Why Fiat Chrysler Can Speed Ahead of the Pack

While shares of global auto makers have taken a tumble in the recent weeks, one team of analysts on the Street highlights London-based Fiat Chrysler Automobiles NV (FCAU) as a value play among the turmoil. While the car company has seen its stock fall sharply on the sudden death of its Chief Executive Officer (CEO) Sergio Marchionne, it has more than tripled over the past five years. Now, some analysts see the stock rising at least 50% under its new leadership, as outlined in a recent Barron's story

Fiat Chrysler to Rise 57%, Remain Cheaper Than Ford

Company 5-Year Stock Performance 
Fiat Chrysler 250%
General Motors 2%
Ford 43%
S&P 500 69%

On Wednesday, Fiat Chrysler posted second-quarter results in which earnings fell short of the Street's forecasts, adding to concerns over the passing of its CEO, who took over the company in 2003 and led the buyout of Chrysler in 2009. The stock closed down 12%, far more of a burn than General Motors' (GM) 4% decline on the day following its report and Ford Motor Co.'s (F) 6% loss. (For more, see also: Top 7 Companies Owned by Fiat Chrysler.)

When Marchionne took over the auto maker, it had just posted a yearly loss of $7 billion. By 2005, Fiat swung back to a profit, thanks to a deal with GM, widespread layoffs, production efficiencies and a revived product lineup. Over his tenure, the late auto exec increased his company's value by more than 10-fold, and focused on restructuring and separating assets. In 2015, Fiat Chrysler sold off supercar-maker Ferrari NV. 

On the back of the earnings report, UBS analyst Patrick Hummel upgraded the Italy-traded shares to "buy" from "neutral." His 12-month price target of $27 reflects a near 58% upside, and still implies a more humbly valued company than rivals like Ford, relative to earnings, as reported by Barron's.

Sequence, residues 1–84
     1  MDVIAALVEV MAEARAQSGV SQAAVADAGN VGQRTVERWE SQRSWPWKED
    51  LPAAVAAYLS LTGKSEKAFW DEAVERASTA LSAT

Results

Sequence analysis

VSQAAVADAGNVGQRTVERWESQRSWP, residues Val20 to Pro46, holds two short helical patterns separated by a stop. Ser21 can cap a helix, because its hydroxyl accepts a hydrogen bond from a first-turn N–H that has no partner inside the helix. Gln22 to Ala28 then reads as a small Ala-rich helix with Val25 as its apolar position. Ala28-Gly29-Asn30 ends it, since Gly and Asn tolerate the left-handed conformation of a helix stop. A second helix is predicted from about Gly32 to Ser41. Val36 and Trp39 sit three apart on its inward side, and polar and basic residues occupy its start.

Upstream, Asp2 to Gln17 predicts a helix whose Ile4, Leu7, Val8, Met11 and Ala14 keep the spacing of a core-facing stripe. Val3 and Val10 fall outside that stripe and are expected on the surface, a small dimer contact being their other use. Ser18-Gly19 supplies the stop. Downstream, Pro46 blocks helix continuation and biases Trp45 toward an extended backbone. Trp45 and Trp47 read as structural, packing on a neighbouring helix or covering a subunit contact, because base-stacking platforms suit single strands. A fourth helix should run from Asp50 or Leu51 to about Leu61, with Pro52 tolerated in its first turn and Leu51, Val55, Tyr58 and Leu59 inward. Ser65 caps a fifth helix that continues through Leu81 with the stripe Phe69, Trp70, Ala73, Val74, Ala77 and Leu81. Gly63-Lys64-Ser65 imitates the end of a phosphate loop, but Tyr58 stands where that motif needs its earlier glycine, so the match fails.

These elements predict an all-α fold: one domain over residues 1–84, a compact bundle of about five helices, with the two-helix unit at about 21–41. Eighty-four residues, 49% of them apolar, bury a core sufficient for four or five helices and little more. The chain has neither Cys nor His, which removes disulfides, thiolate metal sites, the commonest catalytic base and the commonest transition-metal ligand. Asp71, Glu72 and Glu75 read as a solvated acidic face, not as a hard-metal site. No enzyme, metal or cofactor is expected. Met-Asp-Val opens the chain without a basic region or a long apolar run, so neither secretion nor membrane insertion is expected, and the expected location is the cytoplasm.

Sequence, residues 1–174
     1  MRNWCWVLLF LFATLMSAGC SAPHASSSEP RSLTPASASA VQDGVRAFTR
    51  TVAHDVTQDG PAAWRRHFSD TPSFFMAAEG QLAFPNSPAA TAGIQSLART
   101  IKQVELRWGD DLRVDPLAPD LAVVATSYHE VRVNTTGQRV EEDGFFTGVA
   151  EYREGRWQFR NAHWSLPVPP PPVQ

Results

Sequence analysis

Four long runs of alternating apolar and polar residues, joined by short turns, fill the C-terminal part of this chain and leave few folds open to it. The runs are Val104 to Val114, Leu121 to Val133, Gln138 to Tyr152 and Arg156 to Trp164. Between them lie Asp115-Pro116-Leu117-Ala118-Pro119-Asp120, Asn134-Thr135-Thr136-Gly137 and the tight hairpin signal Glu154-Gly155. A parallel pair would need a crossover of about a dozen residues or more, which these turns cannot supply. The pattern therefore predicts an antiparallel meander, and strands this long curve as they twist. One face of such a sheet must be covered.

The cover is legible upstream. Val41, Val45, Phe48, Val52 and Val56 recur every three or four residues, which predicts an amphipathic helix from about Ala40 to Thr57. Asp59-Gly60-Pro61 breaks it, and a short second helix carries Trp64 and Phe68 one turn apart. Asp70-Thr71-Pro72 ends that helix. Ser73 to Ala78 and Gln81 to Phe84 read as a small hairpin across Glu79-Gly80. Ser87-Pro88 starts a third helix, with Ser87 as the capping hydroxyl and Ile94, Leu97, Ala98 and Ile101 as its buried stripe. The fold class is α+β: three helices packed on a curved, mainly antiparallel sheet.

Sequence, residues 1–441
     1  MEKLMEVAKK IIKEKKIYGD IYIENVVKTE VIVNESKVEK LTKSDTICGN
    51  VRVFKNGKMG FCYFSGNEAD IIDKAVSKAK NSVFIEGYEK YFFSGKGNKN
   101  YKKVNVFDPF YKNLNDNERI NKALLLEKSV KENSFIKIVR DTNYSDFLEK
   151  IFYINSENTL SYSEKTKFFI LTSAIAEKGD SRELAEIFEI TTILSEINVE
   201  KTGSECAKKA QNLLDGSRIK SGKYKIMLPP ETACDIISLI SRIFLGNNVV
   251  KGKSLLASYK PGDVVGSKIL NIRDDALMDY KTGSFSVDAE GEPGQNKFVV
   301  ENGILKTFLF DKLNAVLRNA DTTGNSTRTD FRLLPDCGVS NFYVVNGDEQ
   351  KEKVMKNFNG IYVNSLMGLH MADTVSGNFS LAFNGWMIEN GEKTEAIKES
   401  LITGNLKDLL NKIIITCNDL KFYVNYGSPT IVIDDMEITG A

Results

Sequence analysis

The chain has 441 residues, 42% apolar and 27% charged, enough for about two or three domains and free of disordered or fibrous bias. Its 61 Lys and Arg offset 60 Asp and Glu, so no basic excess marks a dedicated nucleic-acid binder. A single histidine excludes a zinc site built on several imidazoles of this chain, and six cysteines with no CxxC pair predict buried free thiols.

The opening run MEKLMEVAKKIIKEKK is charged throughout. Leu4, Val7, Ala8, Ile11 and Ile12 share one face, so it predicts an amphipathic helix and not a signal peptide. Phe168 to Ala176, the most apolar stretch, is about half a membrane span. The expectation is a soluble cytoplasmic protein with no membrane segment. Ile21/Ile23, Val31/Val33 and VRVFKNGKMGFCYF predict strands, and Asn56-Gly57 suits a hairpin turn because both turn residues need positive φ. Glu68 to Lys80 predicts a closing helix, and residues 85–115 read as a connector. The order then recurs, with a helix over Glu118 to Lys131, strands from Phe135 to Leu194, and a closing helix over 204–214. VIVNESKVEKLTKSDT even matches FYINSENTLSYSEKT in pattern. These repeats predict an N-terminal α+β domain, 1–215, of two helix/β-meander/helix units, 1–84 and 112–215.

Fiat Chrysler, which has Italian roots dating back to 1899, generates a large portion of its revenues from the U.S. and manufactures heavily in Mexico. Over the years, it has relied more on large U.S. vehicles like Jeeps and Ram trucks for its top line, although it is well known for its smaller cars. The firm's new CEO Mike Manley indicated on the earnings call that the firm has "all of the resources we need" to reach an EBIT target of 14.5 billion euros at the midpoint by 2022, up from just 7 billion euros in 2017. (For more, see also: Auto Delivers Unimpressive January Sales.)

UBS noted various upside drivers including a reduction in Chinese auto tariffs effective July 1, resolved production delays of the redesigned Ram pickup, improving free cash flow, and continued demand for the Jeep Wrangler and Cherokee. 

It's important to note that an economic recession, forecasted by many experts to start within the next one to two years, would drag down the U.S. market after a decade-long bull market. A potential global recession would inevitably hammer Fiat Chrysler's revenues, earnings and stock price. 

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